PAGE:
The transition period will allow time for gradual rearranging of the healthcare system, and the isolation requirement may be replaced with recommendation upon risk assessment of the epidemic situation.

With COVID-19 as Class 2 notifiable infectious disease, health workers will be required to report a confirmed case within 24 hours, compared to the current requirement to report a confirmed case immediately as Class 1 notifiable infectious disease.

Unlike Class 1 infectious diseases, Class 2 infectious diseases require isolation of patients only if designated by the Commissioner of Korea Disease Control and Prevention Agency. During the transition period, COVID-19 will be classified as a “Class 2 notifiable infectious disease with 7-day isolation requirement”.

During the transition period, the government will gradually review and reorganize the medical system. Once the transition period is over, the isolation requirement may become a recommendation, depending on the findings of the assessment of trends in daily new infections and risks for severity.

Infectious disease classification and changes affected

Class 1 infectious diseases

(current)

Class 2 infectious diseases

Isolation required

(4-week transition period (starting from Apr.25))

Isolation recommended

(settlement period)

Case reporting

Full monitoring, immediate reporting

Full monitoring, reporting within 24 hours

Isolation

Isolation required by law

All confirmed patients are to be admitted for isolation treatment in principle

* E.g. single-patient negative-pressure rooms and anterooms

At-home treatment and treatment at non-hospital facilities allowed

No legal isolation requirement

Focus on preventing in-hospital transmission

Voluntary management of disease such as self-isolation

Notice of isolation

Isolation notified by Commissioner of KDCA, mayors, provincial governors, heads of city/county/district

UP to 1 year of imprisonment or KRW 10 million fine in case of violation

Isolation notice at the discretion of the hospital/clinic

Not mandated by law

Treatment support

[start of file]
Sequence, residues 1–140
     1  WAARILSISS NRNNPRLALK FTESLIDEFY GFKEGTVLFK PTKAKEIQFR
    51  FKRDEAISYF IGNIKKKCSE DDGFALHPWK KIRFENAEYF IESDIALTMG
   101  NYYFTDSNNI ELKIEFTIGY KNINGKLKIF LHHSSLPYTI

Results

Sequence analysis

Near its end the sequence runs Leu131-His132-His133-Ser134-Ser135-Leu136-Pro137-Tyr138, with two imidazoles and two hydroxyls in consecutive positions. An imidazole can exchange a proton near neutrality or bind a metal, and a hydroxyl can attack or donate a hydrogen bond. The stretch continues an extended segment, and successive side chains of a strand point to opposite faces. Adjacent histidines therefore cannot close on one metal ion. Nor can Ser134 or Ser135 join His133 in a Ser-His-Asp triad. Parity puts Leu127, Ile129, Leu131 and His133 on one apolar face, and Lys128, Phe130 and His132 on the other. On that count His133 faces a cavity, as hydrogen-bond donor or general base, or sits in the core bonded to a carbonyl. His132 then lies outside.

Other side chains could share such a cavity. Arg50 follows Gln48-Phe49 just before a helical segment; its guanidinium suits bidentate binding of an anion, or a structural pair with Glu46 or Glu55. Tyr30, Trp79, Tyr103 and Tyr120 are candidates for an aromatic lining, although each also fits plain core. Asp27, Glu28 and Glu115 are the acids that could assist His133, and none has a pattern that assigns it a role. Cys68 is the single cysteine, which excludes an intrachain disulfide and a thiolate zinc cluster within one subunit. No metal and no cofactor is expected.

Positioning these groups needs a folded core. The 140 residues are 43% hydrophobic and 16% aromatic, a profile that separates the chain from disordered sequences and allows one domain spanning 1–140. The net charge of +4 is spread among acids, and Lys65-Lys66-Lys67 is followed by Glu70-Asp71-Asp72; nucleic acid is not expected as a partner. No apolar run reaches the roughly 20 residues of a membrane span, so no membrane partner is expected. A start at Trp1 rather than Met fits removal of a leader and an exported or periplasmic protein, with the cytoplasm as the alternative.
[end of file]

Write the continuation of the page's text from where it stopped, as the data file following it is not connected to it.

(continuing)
All medical cost supported by the government, including treatment costs incurred at hospital, medical facility, or home

* Through National Health Insurance or government budget compensation

National Health Insurance

Patient co-payment

* COVID-19 treatment cost support will be gradually reduced

Living cost support

Daily living cost support (KRW 20,000 per day)

Paid leave for employees (Up to KRW 45,000 per day for SMES), etc.

No support, as isolation is not mandated by law

* Class 1 notifiable infectious diseases are 17 diseases including Ebola, SARS, MERS, and plague

* Class 2 notifiable infectious diseases are 21 diseases including tuberculosis, measles, cholera, and chickenpox

<2> Transition to at-home treatment and face-to-face medical care

Since the current mandatory isolation requirement is maintained during the transition period, at-home treatment will remain in place, while the health infrastructure for face-to-face medical care for COVID-19 patients will continue to be expanded.

Currently, about 99% of all confirmed patients are classified as patients subject to at-home treatment. Depending on risk assessment, patients are classified into either an intensive care group or a general care group. Patients in intensive care group are provided with health monitoring twice a day.

Intensive care group (i.e. patients aged 60 or above and patients and the immunocompromised) receives health monitoring twice a day from a medical institution, and general care group can use phone consultations and prescriptions at local hospitals and clinics or 24-hour medical consultation centers.

During the 4-week transition period, the at-home treatment system will remain in place. Monitoring of trends in daily new infections will be continued and need for any revision to criteria or reorganization of health infrastructure may be considered if needed.

Efforts will be continued to make more COVID-19 outpatient centers available, with the goal of local hospitals and clinics providing most of face-to-face medical care for COVID-19 patients. Government efforts will be continued for preemptive securing of respiratory care resources in preparation for possible future waves and outbreaks.

At-home treatment system will be suspended if the 7-day quarantine becomes a recommendation after the settlement period, though temporary non-face-to-face medical consultation and care will be maintained to help patients advised to stay home for recovery.

<3> Reorganization the treatment system with focus on hospitalization for patients with severe symptoms

The number of hospital beds designated for COVID-19 patients will be gradually adjusted in line with the changes in health system. The number of infectious disease hospital beds for moderately ill patients, which have seen lower demand recently, will be gradually reduced.

Local governments will continue to be in charge of assigning hospital beds for patients classified as severe or semi-severe. Hospital beds for patients with moderate symptoms can be freely assigned at the hospital level (e.g. hospital beds can be requested between hospitals), depending on the bed’s designation status.

During the 4-week transition period, hospital beds for moderately ill patients will be released from designation, except for those at COVID-19 dedicated hospitals, considering the trends in daily new infections and overall hospital bed utilization. The number of hospital beds for severe and semi-severe patients will be adjusted as well. From the settlement period, government designated hospital beds, hospital beds for emergency care, and hospital beds at COVID-19 dedicated hospitals will be available for patients.